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If you are going to Las Grietas or one of the hotels on the south side of the harbour you should take a water taxi across the harbour. The taxi boats leave from the new pier and if there isn’t one there when you arrive, one will soon come. As soon as there is one passenger they leave, so you don’t have to wait for other people to fill up the boat. The fare across the harbour is $0.60 (July 2011).
Written Jan 7, 2012
The first time I arrived to Baltra was with plane and I was going on a cruise. We (the people going on the cruise) were met at the airport by our guide and, as we were visiting the highlands on Santa Cruz and Charles Darwin Research Station before boarding the boat, we took a bus from the airport to Canal de Itabaca. Frequent ferries are crossing the canal, and on the other side our bus was waiting. The second time I arrived to Baltra was in the end of the cruise when we were all taken to the airport. I was not flying back to the mainland, but was going to Isla Isabela.
From Baltra Airport I took one of the free buses going to the canal. It is a short bus ride, maybe 10-15 minutes. Canal de Itabaca is the narrow canal between Isla Baltra and Isla Santa Cruz. Here you put your bags on the flat roof of the ferry, before boarding it. Tickets for the ferry is sold onboard and I paid $ 0.80 going to Santa Cruz, but only $ 0.50 going the opposite way almost a week later. At the dock on the Santa Cruz side of the canal I immediately found a bus to Puerto Ayora. My big backpack was put on the roof and I went inside to take a seat. Tickets were sold on the bus and it was $ 1.80 (July 2011). To Puerto Ayora it took less than an hour and in Puerto Ayora the bus stopped on Av Charles Darwin, just opposite the harbour. You can also take a taxi from Canal de Itabaca to Puerto Ayora and it is $15 (July 2011).
When it was time to go back to the airport I took a taxi from my hotel in Puerto Ayora to Terminal Terrestre, from where the buses leave. The taxi was $ 1.00. I arrived to the bus terminal at 8am and the next bus to Canal de Itabaca was leaving at 8.40, so they are not very frequent.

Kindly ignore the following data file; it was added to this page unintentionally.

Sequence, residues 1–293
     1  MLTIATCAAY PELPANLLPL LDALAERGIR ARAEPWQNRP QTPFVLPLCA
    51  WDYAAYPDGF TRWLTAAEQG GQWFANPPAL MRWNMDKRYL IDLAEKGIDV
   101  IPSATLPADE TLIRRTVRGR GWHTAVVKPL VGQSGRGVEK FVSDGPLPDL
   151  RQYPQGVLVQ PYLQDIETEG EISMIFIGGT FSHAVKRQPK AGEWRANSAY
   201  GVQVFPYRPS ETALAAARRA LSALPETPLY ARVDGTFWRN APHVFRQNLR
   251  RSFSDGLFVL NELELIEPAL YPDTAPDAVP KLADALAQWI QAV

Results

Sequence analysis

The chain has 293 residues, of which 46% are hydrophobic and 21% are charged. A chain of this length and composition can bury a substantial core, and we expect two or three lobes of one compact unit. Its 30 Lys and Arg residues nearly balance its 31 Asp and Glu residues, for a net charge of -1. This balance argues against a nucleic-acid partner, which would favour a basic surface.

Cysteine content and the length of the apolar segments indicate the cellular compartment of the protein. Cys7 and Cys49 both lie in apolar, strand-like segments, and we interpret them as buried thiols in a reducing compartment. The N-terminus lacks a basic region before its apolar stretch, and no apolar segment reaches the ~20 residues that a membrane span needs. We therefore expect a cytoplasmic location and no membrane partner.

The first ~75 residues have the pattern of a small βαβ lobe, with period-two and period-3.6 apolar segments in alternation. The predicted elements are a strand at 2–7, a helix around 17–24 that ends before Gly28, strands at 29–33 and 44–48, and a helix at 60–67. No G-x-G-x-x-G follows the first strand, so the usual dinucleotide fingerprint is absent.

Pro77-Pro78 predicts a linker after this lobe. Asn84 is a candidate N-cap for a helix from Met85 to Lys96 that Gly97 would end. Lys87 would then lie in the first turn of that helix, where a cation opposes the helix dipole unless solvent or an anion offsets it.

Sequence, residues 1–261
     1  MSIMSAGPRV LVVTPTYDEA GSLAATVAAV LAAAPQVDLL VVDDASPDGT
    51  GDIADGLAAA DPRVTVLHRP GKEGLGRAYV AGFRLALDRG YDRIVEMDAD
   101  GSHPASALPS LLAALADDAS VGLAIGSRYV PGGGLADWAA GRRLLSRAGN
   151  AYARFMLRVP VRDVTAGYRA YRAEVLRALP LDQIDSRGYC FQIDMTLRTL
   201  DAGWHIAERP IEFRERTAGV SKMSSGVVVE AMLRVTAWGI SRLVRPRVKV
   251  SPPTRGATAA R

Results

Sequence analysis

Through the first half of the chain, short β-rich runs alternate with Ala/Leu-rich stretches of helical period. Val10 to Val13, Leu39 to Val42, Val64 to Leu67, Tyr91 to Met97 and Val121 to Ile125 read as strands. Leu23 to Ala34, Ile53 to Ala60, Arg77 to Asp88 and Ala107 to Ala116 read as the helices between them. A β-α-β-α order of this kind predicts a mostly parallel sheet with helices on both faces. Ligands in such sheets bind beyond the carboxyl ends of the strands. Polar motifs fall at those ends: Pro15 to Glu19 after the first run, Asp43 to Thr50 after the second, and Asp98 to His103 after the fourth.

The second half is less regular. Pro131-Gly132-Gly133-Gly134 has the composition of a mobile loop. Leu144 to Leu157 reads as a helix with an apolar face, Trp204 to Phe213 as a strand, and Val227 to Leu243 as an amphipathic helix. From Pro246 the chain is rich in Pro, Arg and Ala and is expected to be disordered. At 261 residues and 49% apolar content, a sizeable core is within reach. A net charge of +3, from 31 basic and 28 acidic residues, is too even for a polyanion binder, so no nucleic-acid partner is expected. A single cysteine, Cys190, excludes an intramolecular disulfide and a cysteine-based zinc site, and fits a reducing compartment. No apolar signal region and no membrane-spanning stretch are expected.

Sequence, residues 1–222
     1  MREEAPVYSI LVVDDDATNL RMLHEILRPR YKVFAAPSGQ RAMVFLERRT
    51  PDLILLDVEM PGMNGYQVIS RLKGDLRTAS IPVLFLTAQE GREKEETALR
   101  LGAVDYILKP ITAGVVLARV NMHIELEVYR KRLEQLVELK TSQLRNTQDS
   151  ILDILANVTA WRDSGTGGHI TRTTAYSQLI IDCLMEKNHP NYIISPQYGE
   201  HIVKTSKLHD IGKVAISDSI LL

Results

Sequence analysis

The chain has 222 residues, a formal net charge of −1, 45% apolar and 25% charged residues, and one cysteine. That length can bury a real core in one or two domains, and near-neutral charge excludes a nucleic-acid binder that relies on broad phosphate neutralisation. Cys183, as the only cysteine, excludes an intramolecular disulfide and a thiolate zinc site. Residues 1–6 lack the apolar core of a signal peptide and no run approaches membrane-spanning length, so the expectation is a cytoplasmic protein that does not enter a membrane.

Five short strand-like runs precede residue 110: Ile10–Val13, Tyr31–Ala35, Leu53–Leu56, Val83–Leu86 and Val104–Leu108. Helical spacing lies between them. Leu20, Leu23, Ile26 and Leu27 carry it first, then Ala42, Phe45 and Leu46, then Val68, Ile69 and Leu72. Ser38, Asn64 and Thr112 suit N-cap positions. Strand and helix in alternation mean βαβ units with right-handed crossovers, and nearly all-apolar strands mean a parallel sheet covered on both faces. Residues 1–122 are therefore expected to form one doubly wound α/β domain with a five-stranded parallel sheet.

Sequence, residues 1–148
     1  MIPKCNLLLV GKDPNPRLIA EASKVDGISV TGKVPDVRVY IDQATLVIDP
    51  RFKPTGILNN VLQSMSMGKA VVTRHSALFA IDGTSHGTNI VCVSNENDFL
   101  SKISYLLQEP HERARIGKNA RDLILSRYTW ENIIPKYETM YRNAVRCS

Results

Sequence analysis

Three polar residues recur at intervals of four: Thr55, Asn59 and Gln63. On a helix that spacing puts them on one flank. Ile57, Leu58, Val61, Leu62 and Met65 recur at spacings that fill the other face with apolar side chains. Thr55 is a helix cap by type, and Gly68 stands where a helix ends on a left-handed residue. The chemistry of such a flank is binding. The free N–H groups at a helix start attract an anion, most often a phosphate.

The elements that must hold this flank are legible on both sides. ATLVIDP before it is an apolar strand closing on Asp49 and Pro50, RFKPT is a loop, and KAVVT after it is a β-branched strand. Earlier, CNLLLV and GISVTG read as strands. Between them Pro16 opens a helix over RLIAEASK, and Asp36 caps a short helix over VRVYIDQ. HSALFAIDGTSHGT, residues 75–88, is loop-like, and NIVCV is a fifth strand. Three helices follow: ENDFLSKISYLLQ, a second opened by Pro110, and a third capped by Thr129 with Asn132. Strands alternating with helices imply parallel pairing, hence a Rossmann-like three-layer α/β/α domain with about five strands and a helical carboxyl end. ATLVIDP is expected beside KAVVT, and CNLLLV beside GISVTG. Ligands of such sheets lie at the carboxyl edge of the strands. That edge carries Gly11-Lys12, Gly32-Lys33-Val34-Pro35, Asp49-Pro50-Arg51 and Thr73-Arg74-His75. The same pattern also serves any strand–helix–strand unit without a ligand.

Updated Oct 9, 2011
Before coming to Galapagos I had read that it is good to buy the ticket for the speedboat a day in advance during high season. As I visited in July and was going to be aboard a boat the day before my departure I was a bit worried not to get a ticket, but the travel agent I had booked the cruise with luckily made a reservation for me.
The office of Cabomar, where I was going to get the ticket, was just one minute away from where I arrived to Puerto Ayora with bus, by the harbour. I paid for the ticket, which was $25 one way (July 2011). The speedboat for Villamil leaves Puerto Ayora at 14.00 every day and I still had some time, so I left the backpacks at the office and went to withdraw money from an ATM and to have lunch.
I went to the harbour half an hour before the boat was going to leave and people were already standing in a queue to have their bags checked.. You are not allowed to bring seeds and fruits between the islands. So there is a control before you travel.
On board we were told to put on our life jackets and we all got a bottle of water and some caramels. I think this was because it was a bit bumpy and at least two people threw up during the journey.
After two hours we arrived to Puerto Villamil. While I was standing on the bridge waiting for my luggage I was very surprised to hear my name called out. It was a taxi driver who were going to take me to Hostal La Jungla where I had made a reservation. I didn’t pay for the taxi ride, but the driver had a few other paying customers going to other hotels.
The boat back to Puerto Ayora leaves already at 6am and as you have to be at the harbour in time, to once again have your bags controlled and to pay the tourist tax ($5) it will be a very early morning. Crossing over to Puerto Ayora the sea was calm and we didn’t have to put on the life jackets. And we didn’t get water or caramels this time. We arrived to Puerto Ayora around 8.30.
In Puerto Ayora I talked with some people who had taken an afternoon boat from Puerto Villamil to Puerto Ayora. It had been one of the daytrip boats going back to Puerto Ayora and the life jackets on board that boat had been very poor and the engine broke down just before they arrived to Puerto Ayora. So it might be better to take the regular speedboat.
Written Sep 3, 2011
Transport options to Puerto Ayora are straight forward. All flights come from Quito via Guayaquil and land at a strip on the island of Baltra which happens to be as close to the island of Santa Cruz as to let you believe that the body of water separating them might be a canal, not a channel. Whatever its nature, one has to navigate it on board of a ferry which takes about five minutes and then proceed to the cowboy embrace of the local taxi yahoos for 15USD or just keep his cool and join the other easy-going passengers in a well-kept bus for 3USD. The distance to Puerto Ayora is 42km and it takes a while but the landscape is so intriguing and ever-changing that one hardly notices how the time flies. As all the other islands, this one is no exception in the way the winds and the moisture carried by them sculpt the flora on its slopes. The northern sections are arid and almost desolate, while the peaks are immersed in mist and luscious, but the southern shores are green and fertile.
There are four airlines serving this route; LAN, TAME, ICARO and AEROGAL. Icaro is the newest edition and the cheapest option. It uses the planes of LAN in a code share scheme and provides you with half price for the same flight in the process. Highly recommended!
Updated Jan 26, 2011